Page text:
Controlling how much we eat is still important even on a low carb diet!
Low carbohydrate (carb) diets have become a much followed food trend amongst those wishing to lose weight, improve diabetes control or their overall health. There are many different kinds of such diets but the common factor amongst all of them are recommended higher levels of fat, protein or both to compensate for the reduced carbohydrate intake. Opinions continue to differ on both the effectiveness and safety of low carb diets with the NHS continuing to advocate a lower fat and higher carb diet.
Friends who have lost weight on the Atkins diet have attributed their success to not having had to count calories and feeling fuller when compared with other diets, helping them stick to the plan. Feeling fuller on more fat and protein is easy to understand. Fat takes longer to digest than other foods whilst foods high in protein are naturally satisfying. But I’ve never been able to shrug away the fear of eating more fat. It’s more calorie dense than carbs so in theory, we have to eat less if we substitute fat for carbs to obtain the same amount of energy. Is there a maximum amount of fat we can eat, beyond which it becomes dangerous? What happens to the excess? Don’t we just store it?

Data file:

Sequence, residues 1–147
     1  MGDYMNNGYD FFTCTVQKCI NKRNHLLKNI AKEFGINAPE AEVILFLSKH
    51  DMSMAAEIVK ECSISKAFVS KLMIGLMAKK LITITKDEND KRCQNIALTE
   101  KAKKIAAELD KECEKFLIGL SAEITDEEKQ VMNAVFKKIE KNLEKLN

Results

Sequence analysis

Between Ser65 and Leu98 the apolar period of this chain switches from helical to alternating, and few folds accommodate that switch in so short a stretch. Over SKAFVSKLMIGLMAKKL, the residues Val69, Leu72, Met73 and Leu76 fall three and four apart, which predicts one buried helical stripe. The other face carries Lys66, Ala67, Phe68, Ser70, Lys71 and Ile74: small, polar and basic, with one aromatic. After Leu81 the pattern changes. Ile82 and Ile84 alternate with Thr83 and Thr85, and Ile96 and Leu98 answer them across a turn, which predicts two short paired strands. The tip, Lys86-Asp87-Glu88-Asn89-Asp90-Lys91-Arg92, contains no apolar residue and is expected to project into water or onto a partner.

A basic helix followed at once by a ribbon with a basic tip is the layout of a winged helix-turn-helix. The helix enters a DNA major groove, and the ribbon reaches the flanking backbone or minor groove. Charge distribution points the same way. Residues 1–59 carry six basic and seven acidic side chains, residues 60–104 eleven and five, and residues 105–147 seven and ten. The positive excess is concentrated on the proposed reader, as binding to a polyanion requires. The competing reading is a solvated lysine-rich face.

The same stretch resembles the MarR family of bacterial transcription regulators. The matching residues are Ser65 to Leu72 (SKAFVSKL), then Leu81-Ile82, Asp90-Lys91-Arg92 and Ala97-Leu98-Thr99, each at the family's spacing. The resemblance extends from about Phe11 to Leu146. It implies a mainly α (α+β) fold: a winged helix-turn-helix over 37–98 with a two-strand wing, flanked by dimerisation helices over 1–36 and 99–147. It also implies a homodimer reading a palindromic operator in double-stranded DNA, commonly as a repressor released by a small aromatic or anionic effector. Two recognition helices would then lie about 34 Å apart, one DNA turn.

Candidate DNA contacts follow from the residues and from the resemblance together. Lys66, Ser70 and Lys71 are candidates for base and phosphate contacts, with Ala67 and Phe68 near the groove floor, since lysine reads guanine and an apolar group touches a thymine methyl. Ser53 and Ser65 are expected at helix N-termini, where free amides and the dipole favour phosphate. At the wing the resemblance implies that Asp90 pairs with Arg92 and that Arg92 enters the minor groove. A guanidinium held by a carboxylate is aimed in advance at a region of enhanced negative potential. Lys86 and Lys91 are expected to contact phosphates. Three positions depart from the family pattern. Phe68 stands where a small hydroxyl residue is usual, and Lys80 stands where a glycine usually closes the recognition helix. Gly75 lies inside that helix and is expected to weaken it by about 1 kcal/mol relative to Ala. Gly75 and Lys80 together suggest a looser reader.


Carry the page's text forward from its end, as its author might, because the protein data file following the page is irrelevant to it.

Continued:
Proponents of a very low carb diet argue that it stimulates lower levels of insulin release, the hormone responsible for promoting fat storage. They further argue that low levels of insulin removes the need to count calories as very little fat storage occurs, therefore preventing weight gain.
But insulin is not the only hormone involved in fat metabolism and storage. This article – Dietary fat can’t make you fat – uh yeah it can is a good read if you are considering a low carb diet for weight loss. It confirms what I have always believed. Weight loss can only happen when you burn more energy than you consume regardless of the path and diet you choose.
But two things are for sure. A significant reduction in “empty” carbs (cakes, biscuits, sweets, crisps, pastries and white flour) with a moderate increase in healthy fats and protein (olive oil, avocados, nuts, oily fish,lean meat, eggs, dairy) and a switch to wholegrain carbs will keep you fuller. If you eat less than you burn, you’ll lose weight. If you exercise, you’ll raise your metabolism and so you’ll burn even more energy. Eat less, move more. That’s my Mantra.